The Man Who Invented Motion Pictures
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From the publisher
‘This extraordinary tale of rivalry and celluloid . . . has fascinated cinéastes for years.’ Kathryn Hughes, Sunday Times
‘Illuminating and thrilling.’ The Spectator
‘Absorbing, forensic and jaw-dropping.’ Total Film
In 1888, Louis Le Prince shot the world’s first motion picture in Leeds, England.
In 1890, weeks before the planned public unveiling of his camera and projector, Le Prince boarded a train in France – and disappeared without a trace. His body was never found.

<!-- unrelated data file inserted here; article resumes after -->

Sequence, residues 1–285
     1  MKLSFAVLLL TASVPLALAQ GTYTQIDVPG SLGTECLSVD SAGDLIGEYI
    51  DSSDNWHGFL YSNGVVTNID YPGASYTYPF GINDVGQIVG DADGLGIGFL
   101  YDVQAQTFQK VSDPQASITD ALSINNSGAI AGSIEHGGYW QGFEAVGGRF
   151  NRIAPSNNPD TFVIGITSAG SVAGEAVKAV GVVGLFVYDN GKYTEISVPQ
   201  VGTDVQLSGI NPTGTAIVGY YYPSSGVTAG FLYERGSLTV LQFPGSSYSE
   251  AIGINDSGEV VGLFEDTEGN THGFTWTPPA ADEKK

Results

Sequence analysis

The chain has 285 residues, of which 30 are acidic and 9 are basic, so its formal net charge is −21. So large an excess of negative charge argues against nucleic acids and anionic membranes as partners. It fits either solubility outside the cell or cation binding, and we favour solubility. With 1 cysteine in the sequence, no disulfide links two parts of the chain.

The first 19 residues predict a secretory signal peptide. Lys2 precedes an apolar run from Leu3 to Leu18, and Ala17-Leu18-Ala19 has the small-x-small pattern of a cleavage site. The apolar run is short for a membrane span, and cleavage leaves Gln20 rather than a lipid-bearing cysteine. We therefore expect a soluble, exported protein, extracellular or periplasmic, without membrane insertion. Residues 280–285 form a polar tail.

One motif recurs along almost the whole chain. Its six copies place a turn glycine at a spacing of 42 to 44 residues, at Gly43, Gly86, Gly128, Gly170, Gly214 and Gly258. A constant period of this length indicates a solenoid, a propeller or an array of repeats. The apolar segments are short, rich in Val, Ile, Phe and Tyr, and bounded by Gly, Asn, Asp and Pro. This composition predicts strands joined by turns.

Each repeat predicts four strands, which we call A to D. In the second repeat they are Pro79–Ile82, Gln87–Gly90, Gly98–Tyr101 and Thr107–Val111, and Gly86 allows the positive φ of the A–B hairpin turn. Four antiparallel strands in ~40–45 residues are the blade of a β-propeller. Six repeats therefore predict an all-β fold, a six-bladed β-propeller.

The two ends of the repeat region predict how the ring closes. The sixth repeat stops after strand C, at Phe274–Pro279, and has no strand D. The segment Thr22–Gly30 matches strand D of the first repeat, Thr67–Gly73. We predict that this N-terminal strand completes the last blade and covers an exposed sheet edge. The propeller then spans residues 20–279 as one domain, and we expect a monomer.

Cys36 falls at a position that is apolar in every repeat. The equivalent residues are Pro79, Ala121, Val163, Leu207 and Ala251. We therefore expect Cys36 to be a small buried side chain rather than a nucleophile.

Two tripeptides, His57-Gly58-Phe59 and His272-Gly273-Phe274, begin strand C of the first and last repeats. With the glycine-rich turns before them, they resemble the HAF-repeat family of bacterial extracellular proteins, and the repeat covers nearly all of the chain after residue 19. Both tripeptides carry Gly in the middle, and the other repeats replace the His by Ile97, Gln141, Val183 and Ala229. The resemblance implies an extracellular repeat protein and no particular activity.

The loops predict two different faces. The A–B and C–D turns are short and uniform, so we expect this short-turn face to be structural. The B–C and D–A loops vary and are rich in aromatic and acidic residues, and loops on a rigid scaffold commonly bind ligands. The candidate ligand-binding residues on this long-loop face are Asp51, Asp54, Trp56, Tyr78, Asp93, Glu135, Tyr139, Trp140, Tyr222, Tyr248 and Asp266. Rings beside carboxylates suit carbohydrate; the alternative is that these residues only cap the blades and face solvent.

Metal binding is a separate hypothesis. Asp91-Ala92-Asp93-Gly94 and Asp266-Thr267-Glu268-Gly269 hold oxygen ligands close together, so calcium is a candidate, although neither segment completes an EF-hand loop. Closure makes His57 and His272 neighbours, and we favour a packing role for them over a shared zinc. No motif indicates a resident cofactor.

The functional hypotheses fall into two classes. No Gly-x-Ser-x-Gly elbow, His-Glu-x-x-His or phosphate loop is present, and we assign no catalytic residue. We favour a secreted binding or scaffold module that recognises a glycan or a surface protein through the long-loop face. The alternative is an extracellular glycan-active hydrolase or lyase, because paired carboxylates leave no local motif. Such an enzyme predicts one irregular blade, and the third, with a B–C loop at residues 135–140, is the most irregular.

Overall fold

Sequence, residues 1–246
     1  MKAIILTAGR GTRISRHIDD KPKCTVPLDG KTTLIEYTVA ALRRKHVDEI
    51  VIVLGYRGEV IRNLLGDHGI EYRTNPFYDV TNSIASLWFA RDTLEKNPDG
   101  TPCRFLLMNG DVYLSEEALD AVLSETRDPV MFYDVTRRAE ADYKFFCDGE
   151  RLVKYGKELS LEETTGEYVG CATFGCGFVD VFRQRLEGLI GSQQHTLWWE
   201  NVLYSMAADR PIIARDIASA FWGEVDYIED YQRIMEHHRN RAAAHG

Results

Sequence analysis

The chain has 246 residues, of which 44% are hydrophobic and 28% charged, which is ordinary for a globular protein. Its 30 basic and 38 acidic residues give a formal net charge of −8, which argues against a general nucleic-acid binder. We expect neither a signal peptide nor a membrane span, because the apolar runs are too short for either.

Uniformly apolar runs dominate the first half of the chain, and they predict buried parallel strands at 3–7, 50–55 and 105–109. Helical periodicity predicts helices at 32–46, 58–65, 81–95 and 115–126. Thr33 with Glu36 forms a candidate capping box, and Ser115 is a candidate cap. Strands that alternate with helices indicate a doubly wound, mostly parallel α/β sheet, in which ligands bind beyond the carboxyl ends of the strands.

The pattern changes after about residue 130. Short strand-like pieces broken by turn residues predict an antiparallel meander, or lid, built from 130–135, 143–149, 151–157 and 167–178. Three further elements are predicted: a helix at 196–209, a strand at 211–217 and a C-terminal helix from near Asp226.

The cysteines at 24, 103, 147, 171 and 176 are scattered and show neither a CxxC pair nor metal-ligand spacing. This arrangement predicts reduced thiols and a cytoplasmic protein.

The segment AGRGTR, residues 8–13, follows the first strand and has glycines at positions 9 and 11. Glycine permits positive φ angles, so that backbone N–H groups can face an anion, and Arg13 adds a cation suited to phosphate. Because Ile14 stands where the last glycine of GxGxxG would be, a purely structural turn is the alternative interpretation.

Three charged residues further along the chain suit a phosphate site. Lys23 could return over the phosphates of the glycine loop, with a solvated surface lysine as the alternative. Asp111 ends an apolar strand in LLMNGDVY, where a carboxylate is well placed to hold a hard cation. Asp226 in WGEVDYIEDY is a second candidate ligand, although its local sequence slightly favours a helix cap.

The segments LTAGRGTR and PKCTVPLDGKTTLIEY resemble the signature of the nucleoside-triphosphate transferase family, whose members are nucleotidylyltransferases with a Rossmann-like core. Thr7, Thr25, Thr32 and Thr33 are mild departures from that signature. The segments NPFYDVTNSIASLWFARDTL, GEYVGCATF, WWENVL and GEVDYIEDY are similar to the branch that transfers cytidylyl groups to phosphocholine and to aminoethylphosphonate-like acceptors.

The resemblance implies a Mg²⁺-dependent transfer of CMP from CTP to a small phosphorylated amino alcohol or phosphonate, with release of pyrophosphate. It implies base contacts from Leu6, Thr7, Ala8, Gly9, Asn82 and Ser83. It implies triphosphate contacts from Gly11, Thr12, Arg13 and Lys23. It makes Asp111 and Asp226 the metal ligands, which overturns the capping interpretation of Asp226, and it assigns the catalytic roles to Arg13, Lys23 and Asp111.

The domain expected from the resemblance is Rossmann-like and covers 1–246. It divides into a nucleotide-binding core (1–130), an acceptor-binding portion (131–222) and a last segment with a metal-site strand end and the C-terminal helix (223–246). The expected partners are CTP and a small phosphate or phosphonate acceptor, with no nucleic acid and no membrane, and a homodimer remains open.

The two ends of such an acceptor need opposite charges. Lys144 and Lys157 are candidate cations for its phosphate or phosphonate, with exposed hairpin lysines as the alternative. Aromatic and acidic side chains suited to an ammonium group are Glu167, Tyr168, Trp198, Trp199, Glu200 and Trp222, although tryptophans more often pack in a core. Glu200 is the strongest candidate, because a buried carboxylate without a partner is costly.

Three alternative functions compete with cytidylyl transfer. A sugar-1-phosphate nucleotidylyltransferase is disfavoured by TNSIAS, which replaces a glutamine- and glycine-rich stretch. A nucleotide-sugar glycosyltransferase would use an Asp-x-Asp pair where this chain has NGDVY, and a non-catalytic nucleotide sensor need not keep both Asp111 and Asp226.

In 1891, Thomas Edison – inventor of the lightbulb and the phonograph – announced that he had developed a motion-picture camera.
Le Prince’s family, convinced that Edison had stolen Louis’s work, proceeded to sue the most famous inventor in the world. The Man Who Invented Motion Pictures excavates one of the great unsolved mysteries of the Victorian age and offers a revelatory rewriting of the birth of modern pictures.